We can’t have a new Crochet For Kidneys, without a new pattern can we? Part 1 had the Kidney Granny Square, Part 2 had Hexagon In Bloom and now Part 3 has the Delicate Daisy Square.
You will need double knit or light worsted acrylic yarn in four shades and a 4 mm crochet hook.
I wrote the pattern in US crochet terms. In UK crochet terms, the SC = DC, HDC = HTR, DC = TR, TR = DTR.
Make an adjustable ring (also known as a magic ring). Ch 1,16 SC in ring, slip stitch to first chain.
Round 1: Chain 11, slip stitch into same sc, *slip stitch into next SC, chain 11, slip stitch into same SC* repeat 14 more times (16 chain loops). Fasten off yarn.
Round 2: Join new colour in chain space of any loop. Ch 1, *SC in chain space, ch 3*. Repeat from * to * 15 more times. Join with a slip stitch to first chain.
Round 3. Chain 3 (count as DC), *3 DC in 3 chain space, DC in SC. Repeat from * to end. 64 DC. Join with a slip stitch to top of turning chain.
Round 4: Chain 2 (count as HDC), 2 HDC, 5 SC, 3 HDC, *[1 TR, 2 DC, 3 chain, 2 DC, 1 TR] in same stitch. Corner made. Skip 2 DC, 3 HDC, 5 SC, 3 HDC, skip 2 DC*. Repeat from * to * three more times. Join with a slip stitch to 3rd chain of turning chain. Fasten off.
You can use this method to turn any circle of 64 stitches, into a square shape.
Round 5: Join new colour to any corner space. Ch 1, *3 SC in corner space, 6 SC, Long SC, SC, Long SC, SC, Long SC, 6 SC.* Repeat from * to * 3 more times. Join with slip stitch to first chain. Fasten off. (Long SC is worked into the DC of round 3).
Round 6: Join new colour to 2nd SC of the three SC worked in corner space. [Chain 3 (count as DC), 2 DC, 3 chain, 3 DC]. Corner made. *DC in each SC and Long SC along to first SC of the three SC worked in the corner space (19 DC). [3 DC, 3 chain, 3 DC] in corner space.* Repeat from * to * two more times. Fasten off and weave away tail ends.
PLEASE NOTE: The squares in these photos are 13cm. To make the square suitable for the Crochet For Kidneys blanket, they need to be 15cm. If your tension is looser than mine, you may reach 15cm by Round 6. If not, do not fasten off round 6 and work as follows:
Round 7: [Chain 3 (count as DC), 2 DC, 3 chain, 3 DC]. Corner made. *DC in each DC of Round 6, [3 DC, 3 chain, 3 DC] in corner space. * Repeat from * to * two more times. Fasten off and weave away tail ends.
I hope you enjoy making this daisy flower square and that you won’t just use it for the Crochet For Kidneys blankets. These squares will make lovely cushions too! With three colours (plus the white border) the pretty colour combinations are endless!
Today I’m sharing a super easy crochet placemat pattern with you. You’re probably thinking that placemats are very boring right? Boring and practical. Who wants boring and practical? Not me! I want interesting and different, so I added a bit of cross stitch. Not just any cross stitch, no I added an exact replica (minus one tiny prongy detail) of the King Household’s knives and forks!
Check it out.
I love it! With these placemats your table is always set even if you eat with your hands. How very civilised.
So how did I do it? It’s dead easy.
To make the placemats you will need double knit cotton in three shades and a 4 mm crochet hook. I used Stylecraft Classique Cotton DK in Azure and Soft Lime and Rowan Handknit Cotton in Mist. Sadly Mist has now been discontinued but you can use white or any light grey yarn.
My placemats are 30 cm x 45 cm. The green one is worked in trebles and the blue placemat in half trebles. To achieve this size, I worked 33 rows of trebles and 43 rows of half trebles. The foundation chain for the green treble square was 54 chain stitches (51 plus 3 for the turning chain) and 53 chain stitches (51 plus 2 for the turning chain) for the turquoise half double crochet square. In both cases I did the big square first and then joined the other colour to the top and the bottom and worked 10 rows of double crochet. I don’t want to call it a pattern, because it really isn’t and you will make your placemat to fit your table / breakfast bar / lap tray. Use my rows and chains as a guide.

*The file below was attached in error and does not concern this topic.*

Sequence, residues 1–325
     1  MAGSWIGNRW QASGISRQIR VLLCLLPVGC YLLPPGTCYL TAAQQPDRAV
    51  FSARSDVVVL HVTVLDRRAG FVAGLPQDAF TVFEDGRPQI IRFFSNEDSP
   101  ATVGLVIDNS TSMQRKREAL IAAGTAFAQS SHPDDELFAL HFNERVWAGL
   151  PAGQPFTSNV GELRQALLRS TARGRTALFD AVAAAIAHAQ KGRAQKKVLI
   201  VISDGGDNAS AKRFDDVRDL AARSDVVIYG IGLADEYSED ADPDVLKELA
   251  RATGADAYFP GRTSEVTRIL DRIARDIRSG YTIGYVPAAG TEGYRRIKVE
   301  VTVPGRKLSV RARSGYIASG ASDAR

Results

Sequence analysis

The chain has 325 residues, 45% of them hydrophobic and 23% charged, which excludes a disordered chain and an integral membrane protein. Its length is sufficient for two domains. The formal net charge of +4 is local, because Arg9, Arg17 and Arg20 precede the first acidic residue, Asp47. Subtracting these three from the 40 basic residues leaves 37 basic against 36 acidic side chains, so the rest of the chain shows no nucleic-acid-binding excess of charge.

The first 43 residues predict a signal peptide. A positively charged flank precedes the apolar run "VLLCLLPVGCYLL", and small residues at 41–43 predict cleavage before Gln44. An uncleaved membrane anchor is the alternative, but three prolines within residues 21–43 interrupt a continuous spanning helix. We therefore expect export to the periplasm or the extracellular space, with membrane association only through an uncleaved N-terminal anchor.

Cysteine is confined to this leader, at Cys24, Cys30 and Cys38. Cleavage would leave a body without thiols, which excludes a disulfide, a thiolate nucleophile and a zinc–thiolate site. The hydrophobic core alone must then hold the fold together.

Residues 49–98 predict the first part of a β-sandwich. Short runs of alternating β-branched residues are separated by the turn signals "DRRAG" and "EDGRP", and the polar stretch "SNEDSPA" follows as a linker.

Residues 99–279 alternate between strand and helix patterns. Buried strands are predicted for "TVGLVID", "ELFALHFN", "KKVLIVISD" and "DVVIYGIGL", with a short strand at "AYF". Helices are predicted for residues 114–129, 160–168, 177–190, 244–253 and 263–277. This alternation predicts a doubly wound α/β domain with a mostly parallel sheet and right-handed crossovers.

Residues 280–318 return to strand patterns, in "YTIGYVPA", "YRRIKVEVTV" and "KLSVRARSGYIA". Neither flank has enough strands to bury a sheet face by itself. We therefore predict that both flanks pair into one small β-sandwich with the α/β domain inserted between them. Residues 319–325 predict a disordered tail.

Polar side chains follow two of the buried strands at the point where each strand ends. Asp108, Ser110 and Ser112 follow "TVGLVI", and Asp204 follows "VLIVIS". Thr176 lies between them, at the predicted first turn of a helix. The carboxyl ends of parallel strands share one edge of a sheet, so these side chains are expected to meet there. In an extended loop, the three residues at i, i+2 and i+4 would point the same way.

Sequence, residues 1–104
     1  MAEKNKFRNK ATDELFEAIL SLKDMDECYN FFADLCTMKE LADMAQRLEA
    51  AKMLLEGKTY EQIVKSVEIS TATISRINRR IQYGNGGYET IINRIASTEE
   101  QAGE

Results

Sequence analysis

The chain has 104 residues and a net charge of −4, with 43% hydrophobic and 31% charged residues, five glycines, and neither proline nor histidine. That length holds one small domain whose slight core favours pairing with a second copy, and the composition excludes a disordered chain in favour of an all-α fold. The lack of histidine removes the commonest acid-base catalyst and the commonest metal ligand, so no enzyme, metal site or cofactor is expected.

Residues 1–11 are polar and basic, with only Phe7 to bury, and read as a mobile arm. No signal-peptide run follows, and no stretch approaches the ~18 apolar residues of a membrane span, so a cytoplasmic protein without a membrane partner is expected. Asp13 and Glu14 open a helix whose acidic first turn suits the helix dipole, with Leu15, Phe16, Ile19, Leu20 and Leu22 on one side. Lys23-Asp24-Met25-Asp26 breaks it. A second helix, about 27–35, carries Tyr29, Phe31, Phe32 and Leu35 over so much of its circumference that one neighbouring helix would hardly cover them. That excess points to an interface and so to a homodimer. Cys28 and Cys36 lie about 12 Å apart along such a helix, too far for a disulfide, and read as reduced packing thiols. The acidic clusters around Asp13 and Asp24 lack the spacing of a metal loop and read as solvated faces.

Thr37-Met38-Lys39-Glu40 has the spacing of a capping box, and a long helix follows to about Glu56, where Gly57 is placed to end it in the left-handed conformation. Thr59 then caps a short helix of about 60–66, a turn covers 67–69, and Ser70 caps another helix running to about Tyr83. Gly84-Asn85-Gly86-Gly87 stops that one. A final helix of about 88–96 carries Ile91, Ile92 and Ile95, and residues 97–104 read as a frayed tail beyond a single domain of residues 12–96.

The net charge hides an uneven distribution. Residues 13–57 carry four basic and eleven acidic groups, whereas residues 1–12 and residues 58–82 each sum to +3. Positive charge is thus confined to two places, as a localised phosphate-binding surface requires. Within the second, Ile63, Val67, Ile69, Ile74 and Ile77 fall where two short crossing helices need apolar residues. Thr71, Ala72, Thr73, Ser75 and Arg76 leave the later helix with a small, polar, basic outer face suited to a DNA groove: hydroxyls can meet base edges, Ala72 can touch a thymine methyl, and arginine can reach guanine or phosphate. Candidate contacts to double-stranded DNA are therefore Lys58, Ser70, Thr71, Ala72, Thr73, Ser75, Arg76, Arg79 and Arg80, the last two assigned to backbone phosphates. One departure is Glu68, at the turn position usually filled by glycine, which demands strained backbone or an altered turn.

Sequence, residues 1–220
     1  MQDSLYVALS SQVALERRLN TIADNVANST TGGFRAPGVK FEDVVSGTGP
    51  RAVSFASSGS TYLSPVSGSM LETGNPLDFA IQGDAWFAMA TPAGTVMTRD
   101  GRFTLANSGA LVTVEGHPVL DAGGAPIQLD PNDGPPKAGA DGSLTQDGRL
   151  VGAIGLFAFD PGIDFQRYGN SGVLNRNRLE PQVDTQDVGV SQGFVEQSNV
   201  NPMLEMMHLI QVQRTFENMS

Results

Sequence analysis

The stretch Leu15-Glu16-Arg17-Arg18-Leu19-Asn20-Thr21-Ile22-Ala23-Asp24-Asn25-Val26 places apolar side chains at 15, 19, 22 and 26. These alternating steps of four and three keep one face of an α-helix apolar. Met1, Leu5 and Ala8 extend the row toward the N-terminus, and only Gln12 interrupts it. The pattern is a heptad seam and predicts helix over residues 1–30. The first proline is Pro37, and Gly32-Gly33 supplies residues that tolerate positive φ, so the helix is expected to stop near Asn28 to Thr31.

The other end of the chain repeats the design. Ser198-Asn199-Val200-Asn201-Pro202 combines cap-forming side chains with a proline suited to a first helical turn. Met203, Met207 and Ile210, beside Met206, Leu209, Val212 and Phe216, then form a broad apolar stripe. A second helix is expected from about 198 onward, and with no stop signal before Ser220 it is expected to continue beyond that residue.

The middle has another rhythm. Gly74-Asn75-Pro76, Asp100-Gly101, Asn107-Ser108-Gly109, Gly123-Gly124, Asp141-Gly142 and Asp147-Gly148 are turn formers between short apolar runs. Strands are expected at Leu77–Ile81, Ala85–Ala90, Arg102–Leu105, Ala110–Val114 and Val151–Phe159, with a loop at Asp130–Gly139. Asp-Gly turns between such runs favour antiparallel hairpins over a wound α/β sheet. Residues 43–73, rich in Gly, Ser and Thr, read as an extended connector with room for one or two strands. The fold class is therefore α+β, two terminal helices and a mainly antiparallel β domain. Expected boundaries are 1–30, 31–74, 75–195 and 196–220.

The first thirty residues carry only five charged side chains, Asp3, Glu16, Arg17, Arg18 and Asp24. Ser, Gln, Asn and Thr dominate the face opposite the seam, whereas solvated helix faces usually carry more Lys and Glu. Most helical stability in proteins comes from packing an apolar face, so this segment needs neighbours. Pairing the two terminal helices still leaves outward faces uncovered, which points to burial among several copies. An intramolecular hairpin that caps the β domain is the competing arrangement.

I may not have written up a proper pattern, but I would like to pass on some handy tips for you.
HANDY TIP 1: place a stitch marker in your first and last hdt or tr. That way you will know where to insert your hook for the next row and wont accidentally create extra stitches on the sides. In patterns where the turning chain counts as a stitch (for these placemats I didn’t count the turning chains) you will place the marker in the top chain of turning chain. So if you are working in hdt, place the stitch marker in the 2nd chain, and for a trb place it in the 3rd chain. Stitch markers are, I dare say, essential where turning chains are to be counted as stitches. I think apart from my crochet hook en scissors, stitch markers are probably my most valued crochet tool.
HANDY TIP 2: to save you from weaving away the tail end when you join the new colour for the double crochet side panels, flick the tail end of the new colour over your working yarn as you make the stitches. The tail end will magically grow shorter and eventually disappear, yet be safely encased within each stitch. It’s a very clever way of halving the tail ends you have to weave away! At the same time you can crochet over the tail of the old colour. This method saves you from having to weave away two tails. Score!
Here’s a video showing you how I do it.
Once the crocheting is done, you’ll want to get on to the cross stitch bit, but before you can cross stitch on crochet you have to block the piece – that’s the HANDY TIP 3. If you do it afterwards you run the risk of the cross stitch design going all skewy. The double crochet panels will naturally want to curve and it will be worked tighter than the rest of the placemat, so blocking really is essential here.
So how should I block you ask? It depends on what fibre your yarn is made of. If your fibre is artificial, like acrylic: 1) pin the piece in the shape you want it to be onto a couple of towels on top of your ironing board, wrong side facing up, 2) cover with a damp cloth and then 3) hover with your steam iron over the cloth. Do not let the iron touch the cloth. All you want is a bit of steam to set the shape. Also don’t hover very long – a few seconds will do. If it’s a natural fibre like cotton or linen: 1) dampen the crochet, 2) spread it out on a foam board or layers of towels right side facing up, 3) stretch and lightly tug the crochet until it’s perfectly round or square or whatever shape it should be. Then 4) pin it and 5) let it dry over night. I used cotton for my placemats so this is the method I used.